This is not unusual for Lesvos in mid May but the numbers were good this year.
The Rock Nuthatch is only a standard nest shot but I've included it because appearances can be deceptive.
The nest entrance looks like dry mud but is in fact mashed up insects.
I watched in amazement as the male began to mash up the caterpillars in it's bill and turn them into a sort of green mastic.
The dark green area around the nest entrance just to the left of the bird's head has only recently been applied and is still wet.
Amazingly when the stuff dries it changes colour to orange, like the rest of the nest which is made of mud.
Closer examination of the nest entrance revealed a dried composite of insect and beetle cases. I thought I'd discovered something new, but checking my books on returning home revealed the habit is well documented.
The female Whinchat and male Red-backed Shrike were photographed near Sigri in the far west of the island.
It's the furthest you'll have to drive from Skalla. Only 30 odd miles but it takes well over an hour due to the mountainous terrain on the island.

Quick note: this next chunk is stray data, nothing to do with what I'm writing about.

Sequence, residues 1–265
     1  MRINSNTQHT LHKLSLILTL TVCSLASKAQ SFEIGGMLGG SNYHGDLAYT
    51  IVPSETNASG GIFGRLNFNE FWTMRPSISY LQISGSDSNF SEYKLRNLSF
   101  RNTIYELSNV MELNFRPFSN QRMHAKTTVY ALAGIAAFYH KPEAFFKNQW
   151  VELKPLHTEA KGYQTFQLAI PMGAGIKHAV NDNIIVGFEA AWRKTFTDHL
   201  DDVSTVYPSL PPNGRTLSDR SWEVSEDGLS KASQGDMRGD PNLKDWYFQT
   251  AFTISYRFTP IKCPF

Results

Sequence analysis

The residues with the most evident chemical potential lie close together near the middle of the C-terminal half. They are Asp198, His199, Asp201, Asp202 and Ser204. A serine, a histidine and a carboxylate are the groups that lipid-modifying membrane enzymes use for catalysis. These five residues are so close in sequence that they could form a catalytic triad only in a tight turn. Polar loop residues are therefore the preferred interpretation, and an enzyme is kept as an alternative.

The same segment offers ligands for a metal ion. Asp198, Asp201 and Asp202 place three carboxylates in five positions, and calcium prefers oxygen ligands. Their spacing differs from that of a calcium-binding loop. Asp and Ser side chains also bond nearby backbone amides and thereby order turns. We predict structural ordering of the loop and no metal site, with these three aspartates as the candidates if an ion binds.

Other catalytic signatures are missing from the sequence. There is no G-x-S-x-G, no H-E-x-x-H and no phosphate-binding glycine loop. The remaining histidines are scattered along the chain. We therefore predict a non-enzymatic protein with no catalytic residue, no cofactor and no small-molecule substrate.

Sigri is a favoured venue and can turn up some surprises but it's main claim to fame is that it's a migrant trap. Common well known species but sometimes in huge numbers.
The morning I got the Red-backed Shrike, the place was teeming with them.
Almost every weed and bush had it's attendant bird.
I generally find shrikes a little skittish and they don't seem to like cars but with so many that morning, I couldn't fail.
A good place for Red-throated Pipit is the so called 'sheep field'. A seasonally inundated area just south of the salt-pans. It was dry this year but still had pipits coming through.
My favourite shot on this trip? Well it's got to be the singing Isabelline Wheatear.
It was photographed at the well known stake-out by the junction of the Sigri and Erresos road. Isabelline Wheatears nest almost exclusively in rodent burrows and according to BWP this is the main limiting factor in their breeding distribution.
This area is certainly littered with rodent burrows, Mole Rats apparently.
I wanted a shot of the male in it's spectacular song-flight but after watching several males for a couple of days, I realised that wasn't going to happen.
They generally sing quite high up but come down close to the ground when the females are off nest feeding.